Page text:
Max Fawcett, the editor of Alberta Oil magazine, warned that the "new" Alberta Future Fund, "which would receive $200 million a year" that would "support big-picture projects" and the two "new innovation endowments" announced by Finance Minister Doug Horner in the 2014 budget, would be funded by raiding the Alberta Heritage Savings Trust Fund. There were no new savings.[7]

According to Fumbling the Alberta Advantage, a Fraser Institute report written in 2015, "Between 2005/06 and 2013/14, and adjusted for inflation, the province of Alberta garnered $101.3 billion in resource revenues."[20]:2

Given what is now known about the spending patterns of the last decade—that Alberta spent an extra $49.2 billion on programs above inflation and population growth—a deposit of 25% of resource revenues, or $25.3 billion, into the Heritage Fund would not have been unreasonable had program spending been more carefully controlled. Instead, the province deposited just $4.5 billion, or 4.5% of all resource revenues between 2005/06 and 2013/14.

— Fumbling the Alberta Advantage

See also[edit]


  1. ^ a b Priaro, Mike (2 February 2015), "Jim Prentice's government should revitalize Peter Lougheed's legacy" (PDF), Inside Policy, The Macdonald-Laurier Institute, retrieved 7 March 2015
  2. ^ Alberta Heritage Savings Trust Fund Annual Report 2013–2014 (PDF). Alberta Treasury Board and Finance (Report). 31 March 2014. ISBN 978-1-4601-1185-7. Archived from the original (PDF) on 9 March 2015. Retrieved 7 March 2015.
  3. ^ a b c Clemens, Jason; Murphy, Robert P. (March 4, 2013), Reforming Alberta's Heritage Fund: Lessons from Alaska and Norway, retrieved 7 February 2015
  4. ^ a b c d e f g h i "Historical Timeline", Government of Alberta, Heritage Fund, Treasury Board and Finance, December 2, 2014
  5. ^ a b c Canadian Press (5 July 2009), Lougheed upset at stagnant Alberta Heritage Fund, Edmonton, Alberta: CTV, retrieved 6 April 2015
  6. ^ Alberta Heritage Savings Trust Fund Third Quarter 2014–2015 (PDF) (Report). Department of Treasury Board and Finance, Government of Alberta. December 2014. p. 23. Archived from the original (PDF) on 14 March 2015. Retrieved 7 March 2015.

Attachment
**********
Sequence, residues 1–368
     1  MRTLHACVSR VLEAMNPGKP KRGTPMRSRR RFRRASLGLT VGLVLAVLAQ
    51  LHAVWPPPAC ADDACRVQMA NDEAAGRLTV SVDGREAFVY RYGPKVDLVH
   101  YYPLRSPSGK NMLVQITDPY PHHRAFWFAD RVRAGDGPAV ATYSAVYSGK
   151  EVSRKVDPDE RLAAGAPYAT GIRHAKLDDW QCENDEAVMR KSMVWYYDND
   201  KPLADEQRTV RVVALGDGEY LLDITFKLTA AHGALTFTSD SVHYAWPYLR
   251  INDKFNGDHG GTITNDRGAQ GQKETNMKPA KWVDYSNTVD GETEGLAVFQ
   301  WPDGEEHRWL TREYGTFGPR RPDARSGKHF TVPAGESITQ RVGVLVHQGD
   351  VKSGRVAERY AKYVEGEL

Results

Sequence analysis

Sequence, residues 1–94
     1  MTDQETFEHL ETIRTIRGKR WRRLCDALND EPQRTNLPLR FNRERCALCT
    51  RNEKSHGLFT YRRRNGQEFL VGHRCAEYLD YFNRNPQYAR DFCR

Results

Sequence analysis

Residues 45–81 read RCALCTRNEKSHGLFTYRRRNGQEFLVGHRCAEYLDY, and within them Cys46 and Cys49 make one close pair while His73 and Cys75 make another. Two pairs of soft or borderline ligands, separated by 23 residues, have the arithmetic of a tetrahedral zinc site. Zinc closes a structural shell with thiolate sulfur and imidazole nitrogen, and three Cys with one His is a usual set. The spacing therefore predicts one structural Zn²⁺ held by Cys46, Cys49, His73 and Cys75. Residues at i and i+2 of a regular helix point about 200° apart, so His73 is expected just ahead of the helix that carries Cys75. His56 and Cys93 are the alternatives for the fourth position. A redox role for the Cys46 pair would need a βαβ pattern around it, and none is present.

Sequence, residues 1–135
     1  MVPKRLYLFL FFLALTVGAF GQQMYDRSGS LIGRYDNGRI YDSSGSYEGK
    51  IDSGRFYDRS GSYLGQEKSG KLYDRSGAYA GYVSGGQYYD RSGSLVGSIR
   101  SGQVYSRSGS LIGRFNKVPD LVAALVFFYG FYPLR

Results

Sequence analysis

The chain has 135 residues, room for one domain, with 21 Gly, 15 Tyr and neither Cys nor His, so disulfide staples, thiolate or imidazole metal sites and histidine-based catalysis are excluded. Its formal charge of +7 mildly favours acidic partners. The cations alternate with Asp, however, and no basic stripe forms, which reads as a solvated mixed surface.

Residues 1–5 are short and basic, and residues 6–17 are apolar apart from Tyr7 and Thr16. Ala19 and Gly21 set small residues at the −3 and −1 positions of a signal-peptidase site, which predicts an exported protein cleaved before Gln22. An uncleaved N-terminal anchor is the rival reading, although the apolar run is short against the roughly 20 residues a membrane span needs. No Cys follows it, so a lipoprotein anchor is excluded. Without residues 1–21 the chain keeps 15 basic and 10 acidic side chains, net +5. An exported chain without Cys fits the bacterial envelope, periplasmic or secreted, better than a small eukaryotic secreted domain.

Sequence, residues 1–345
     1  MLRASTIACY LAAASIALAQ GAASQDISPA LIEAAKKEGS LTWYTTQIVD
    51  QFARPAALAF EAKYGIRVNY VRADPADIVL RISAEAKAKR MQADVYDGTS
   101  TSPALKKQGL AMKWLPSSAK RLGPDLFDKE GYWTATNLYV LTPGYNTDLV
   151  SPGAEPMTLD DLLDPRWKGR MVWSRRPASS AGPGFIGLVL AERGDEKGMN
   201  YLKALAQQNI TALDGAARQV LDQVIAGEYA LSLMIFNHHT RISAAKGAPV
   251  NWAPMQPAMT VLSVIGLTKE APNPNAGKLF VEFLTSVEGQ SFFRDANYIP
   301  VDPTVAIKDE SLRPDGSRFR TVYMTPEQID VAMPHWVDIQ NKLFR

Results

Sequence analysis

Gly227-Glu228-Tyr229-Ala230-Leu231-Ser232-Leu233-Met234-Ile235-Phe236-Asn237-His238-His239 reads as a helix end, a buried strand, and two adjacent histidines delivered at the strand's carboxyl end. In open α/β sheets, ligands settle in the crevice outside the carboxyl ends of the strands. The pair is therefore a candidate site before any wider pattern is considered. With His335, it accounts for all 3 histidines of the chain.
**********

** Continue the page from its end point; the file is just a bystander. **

7. ^ a b c "Money for Nothing: The Province vs. Non-renewable resource revenue: Alberta governments have a long history of squandering non-renewable resource wealth. Why that needs to stop – now", Alberta Venture, 5 May 2014, archived from the original on 17 March 2015, retrieved 7 March 2015
  8. ^ Bennett, Dean (3 February 2014). "Alberta Debt Debate To Resume Monday". The Canadian Press via Huffington Post. Edmonton. Retrieved 7 March 2014.
  9. ^ 2018–19 Annual Report
  10. ^ a b c "Alberta and Norway: Two oil powers, worlds apart", 15 Aug 2015
  11. ^ McClure, Matt (5 April 2015), "Taxpayers hit with double-bogey for flood-damaged golf course", Calgary Herald, retrieved 13 April 2015
  12. ^ a b c Shaping Alberta's Future: Report of the Premier's Council for Economic Strategy (PDF) (Report). May 2011. p. 112. Archived from the original (PDF) on 28 November 2014. Retrieved 7 March 2015.
  13. ^ "History", ALPAC, retrieved 4 February 2015
  14. ^ "Our Clients", Alberta Investment Management Corporation, retrieved 6 February 2015
  15. ^ a b c "How much would Alberta's Heritage Fund be had it followed Alaska's or Norway's rules?" (PDF), Fraser Institute, May 2013, archived from the original (Fraser Forum May/June 2013) on 7 February 2015, retrieved 7 February 2015
  16. ^ Drohan, Madelaine (2012). The 9 Habits of Highly Effective Resource Economies: Lessons for Canada (PDF) (Report). Canadian International Council. ISBN 978-0-9866175-6-0. Archived from the original (PDF) on 2015-04-18.
  17. ^ a b c Drohan, Madelaine (18 March 2013), Learn from Alberta's mistake: Provinces should save resources, Canadian Business, retrieved 7 March 2015
  18. ^ Curry, Bill (3 September 2014). "Report questions Canada Pension Plan Investment Board's 'active' investing". The Globe and Mail. Retrieved 7 March 2015.
  19. ^ McKenna, Barrie (14 February 2013). "IMF urges Canada to set up rainy-day resource fund". Ottawa: The Globe and Mail. Retrieved 7 March 2015.
  20. ^ Milke, Mark; Palacios, Milagros (February 2015), Fumbling the Alberta Advantage: How Alberta Squandered a Decade of High Energy Prices, Fraser Institute, retrieved 7 March 2015